Types of bowel changes you
bloating, gas and abdominal pain
sensitivity to certain triggers (spicy foods/seeds and nuts)
feeling an urge to have a bowel movement (poo), but not being able to
feeling that your bowels haven’t emptied properly
If you’re having bowel issues, don’t be afraid to speak up. Your doctors are there to help you and can prescribe a treatment tailored to your needs.
Here are some ways to take control:
Stay hydrated and drink plenty of water. If you’re having trouble with frequent trips to the bathroom, this will help get you back to normal from constipation. Fluids will also rehydrate you after having diarrhoea.
Avoid or decrease your intake of spicy and greasy foods, as well as coffee, tea, fizzy drinks and alcohol (these are all drinks that can irritate your digestive system).
If you have occasional urgent bowel movements, try keeping a food diary for a while. This might help you see connections between the foods you eat and the urgency of bowel movements.
Manage the stress of your side effects in a way that works for you. For some, that’s taking a quiet walk alone. For others, it’s doing breathing exercises or meditation. Find something that brings you a sense of calm and revisit it as often as you need.
If you’re losing control of your stools, give yourself some sense of security by having extra clothes available, in a gym bag, in your car or at your workplace.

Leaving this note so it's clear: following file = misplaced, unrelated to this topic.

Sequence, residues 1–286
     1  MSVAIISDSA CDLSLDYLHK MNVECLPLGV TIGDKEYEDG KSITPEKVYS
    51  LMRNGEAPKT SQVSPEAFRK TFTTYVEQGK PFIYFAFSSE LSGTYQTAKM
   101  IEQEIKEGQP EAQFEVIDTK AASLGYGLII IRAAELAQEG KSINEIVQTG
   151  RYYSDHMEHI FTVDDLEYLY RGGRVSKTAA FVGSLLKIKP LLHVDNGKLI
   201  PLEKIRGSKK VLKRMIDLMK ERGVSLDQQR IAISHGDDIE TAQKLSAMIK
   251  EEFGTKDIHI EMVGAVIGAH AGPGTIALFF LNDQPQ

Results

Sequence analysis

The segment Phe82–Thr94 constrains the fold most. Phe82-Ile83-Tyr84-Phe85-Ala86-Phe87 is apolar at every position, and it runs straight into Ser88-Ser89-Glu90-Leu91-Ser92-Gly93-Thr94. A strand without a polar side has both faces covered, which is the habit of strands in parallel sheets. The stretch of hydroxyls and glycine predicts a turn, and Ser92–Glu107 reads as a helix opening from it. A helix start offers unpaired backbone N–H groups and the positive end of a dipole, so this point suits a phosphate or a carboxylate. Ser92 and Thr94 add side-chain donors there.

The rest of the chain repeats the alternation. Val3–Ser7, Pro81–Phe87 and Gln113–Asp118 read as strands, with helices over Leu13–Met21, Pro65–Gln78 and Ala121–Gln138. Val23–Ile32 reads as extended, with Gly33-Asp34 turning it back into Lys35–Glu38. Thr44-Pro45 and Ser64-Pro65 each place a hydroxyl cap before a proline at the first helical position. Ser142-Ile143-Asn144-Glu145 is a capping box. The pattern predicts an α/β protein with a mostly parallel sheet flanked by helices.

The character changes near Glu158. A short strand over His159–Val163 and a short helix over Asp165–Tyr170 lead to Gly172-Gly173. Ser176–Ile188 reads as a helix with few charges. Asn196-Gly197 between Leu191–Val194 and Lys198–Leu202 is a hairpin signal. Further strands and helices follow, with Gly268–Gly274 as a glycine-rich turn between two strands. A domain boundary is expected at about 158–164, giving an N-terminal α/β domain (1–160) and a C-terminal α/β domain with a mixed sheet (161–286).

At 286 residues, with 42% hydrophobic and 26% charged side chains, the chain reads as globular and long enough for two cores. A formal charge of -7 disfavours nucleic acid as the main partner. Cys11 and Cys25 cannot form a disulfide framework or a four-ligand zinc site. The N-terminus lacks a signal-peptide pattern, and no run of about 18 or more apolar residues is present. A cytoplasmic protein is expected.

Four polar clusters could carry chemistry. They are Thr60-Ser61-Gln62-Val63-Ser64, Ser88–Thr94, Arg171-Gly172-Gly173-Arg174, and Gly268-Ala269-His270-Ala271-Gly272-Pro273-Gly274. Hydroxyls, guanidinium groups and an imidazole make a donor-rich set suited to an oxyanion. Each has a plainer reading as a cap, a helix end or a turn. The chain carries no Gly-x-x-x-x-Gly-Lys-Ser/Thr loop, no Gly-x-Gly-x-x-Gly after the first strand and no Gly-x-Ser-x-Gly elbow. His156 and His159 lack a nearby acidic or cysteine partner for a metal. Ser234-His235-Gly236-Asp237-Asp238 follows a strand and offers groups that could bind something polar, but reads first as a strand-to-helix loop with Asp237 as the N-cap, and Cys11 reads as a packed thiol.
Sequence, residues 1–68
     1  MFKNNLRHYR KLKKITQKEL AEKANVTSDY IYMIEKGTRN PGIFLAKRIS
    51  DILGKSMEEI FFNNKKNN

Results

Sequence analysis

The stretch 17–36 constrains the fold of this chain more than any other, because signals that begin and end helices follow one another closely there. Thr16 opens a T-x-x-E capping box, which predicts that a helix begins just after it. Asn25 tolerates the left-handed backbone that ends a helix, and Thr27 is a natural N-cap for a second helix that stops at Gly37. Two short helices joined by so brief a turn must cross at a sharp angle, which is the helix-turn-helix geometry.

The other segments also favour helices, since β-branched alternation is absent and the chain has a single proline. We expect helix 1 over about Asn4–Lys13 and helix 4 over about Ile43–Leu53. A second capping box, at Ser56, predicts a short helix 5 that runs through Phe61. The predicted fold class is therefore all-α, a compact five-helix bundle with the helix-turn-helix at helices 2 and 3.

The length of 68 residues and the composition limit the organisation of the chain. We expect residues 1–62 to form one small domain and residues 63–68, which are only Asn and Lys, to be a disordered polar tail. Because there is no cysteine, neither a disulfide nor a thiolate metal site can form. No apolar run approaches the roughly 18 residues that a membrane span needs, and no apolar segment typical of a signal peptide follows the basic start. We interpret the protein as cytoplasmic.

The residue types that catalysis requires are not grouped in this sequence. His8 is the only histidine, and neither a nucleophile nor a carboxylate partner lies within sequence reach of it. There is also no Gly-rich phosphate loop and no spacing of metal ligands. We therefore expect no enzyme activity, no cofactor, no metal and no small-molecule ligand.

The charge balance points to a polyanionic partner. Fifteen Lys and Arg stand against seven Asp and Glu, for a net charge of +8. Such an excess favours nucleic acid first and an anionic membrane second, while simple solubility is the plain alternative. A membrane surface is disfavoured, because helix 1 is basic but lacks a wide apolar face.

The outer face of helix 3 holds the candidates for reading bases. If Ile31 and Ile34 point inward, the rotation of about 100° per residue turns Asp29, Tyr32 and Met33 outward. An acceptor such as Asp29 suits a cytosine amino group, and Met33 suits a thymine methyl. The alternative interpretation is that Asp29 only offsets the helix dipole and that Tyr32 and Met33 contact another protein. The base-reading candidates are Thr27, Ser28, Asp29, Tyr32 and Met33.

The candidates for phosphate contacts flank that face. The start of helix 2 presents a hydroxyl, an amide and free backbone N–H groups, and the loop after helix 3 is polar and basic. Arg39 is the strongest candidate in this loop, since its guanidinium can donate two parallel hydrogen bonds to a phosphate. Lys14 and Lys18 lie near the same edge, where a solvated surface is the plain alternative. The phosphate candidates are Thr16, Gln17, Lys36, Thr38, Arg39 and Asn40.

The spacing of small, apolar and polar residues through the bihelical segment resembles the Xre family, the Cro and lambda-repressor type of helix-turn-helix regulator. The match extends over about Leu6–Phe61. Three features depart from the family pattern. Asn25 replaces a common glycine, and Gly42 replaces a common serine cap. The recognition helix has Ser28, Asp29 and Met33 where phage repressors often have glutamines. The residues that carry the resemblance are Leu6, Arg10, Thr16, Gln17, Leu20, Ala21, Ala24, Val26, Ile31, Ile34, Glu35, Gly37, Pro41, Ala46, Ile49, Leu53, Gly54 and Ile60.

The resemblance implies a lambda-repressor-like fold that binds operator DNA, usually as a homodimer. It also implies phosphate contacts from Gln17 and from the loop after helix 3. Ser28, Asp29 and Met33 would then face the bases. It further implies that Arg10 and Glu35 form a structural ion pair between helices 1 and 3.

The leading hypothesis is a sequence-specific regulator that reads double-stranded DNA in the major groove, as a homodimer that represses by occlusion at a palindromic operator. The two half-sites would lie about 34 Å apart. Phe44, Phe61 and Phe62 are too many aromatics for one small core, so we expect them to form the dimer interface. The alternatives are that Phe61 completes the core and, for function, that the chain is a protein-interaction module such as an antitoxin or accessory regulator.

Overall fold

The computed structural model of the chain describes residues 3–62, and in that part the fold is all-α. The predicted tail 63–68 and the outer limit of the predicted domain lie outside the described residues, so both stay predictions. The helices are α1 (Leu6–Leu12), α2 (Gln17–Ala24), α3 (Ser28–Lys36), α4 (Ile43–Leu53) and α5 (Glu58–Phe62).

If you are having any issues with bloody stools, there are a few things for you to consider:
Tell your doctor and make sure you’re up to date on your recommended colonoscopy screening.
Rectal bleeding gets worse when you’re constipated. Stay hydrated, and eat easy to digest high fibre food.
Haemorrhoids can be inside the rectum where you cannot see them or external under the skin around the anus. Straining with bowel movements can make both kinds of haemorrhoids flare and bleed. Though they’re not uncommon, you should tell your doctor what you’re experiencing.
Talk to your doctor, nurse
or care team
f your bowel issues are bothering you and preventing you from doing your usual daily activities, speak to your doctor. This could be your family doctor, or doctor that’s been treating the cancer (such as a urologist or radiation oncologist). Your doctor may prescribe medications to help with either constipation or diarrhoea. You can also speak with a nurse (a continence nurse specialist, if available) about getting help.
A urology nurse or continence nurse specialist can help you find a local bladder and bowel service.
Look for continence services
and resources online
The Continence Foundation of Ireland offers information on physiotherapy for bowel and bladder control, and you can search for a physiotherapist working in your area on the Irish Society of Chartered Physiotherapists website. Information on continence care for adults can also be found by visiting Health Services Ireland.
Know where to
find a toilet
In Ireland, you may also be able to get a medical card for speedier access to toilet facilities. The card is wallet-sized and discrete, and was developed by the Irish Cancer Society (ICS).
To learn more, contact the ICS Cancer Nurseline on 1800 200 700, or the ICS Daffodil Centre.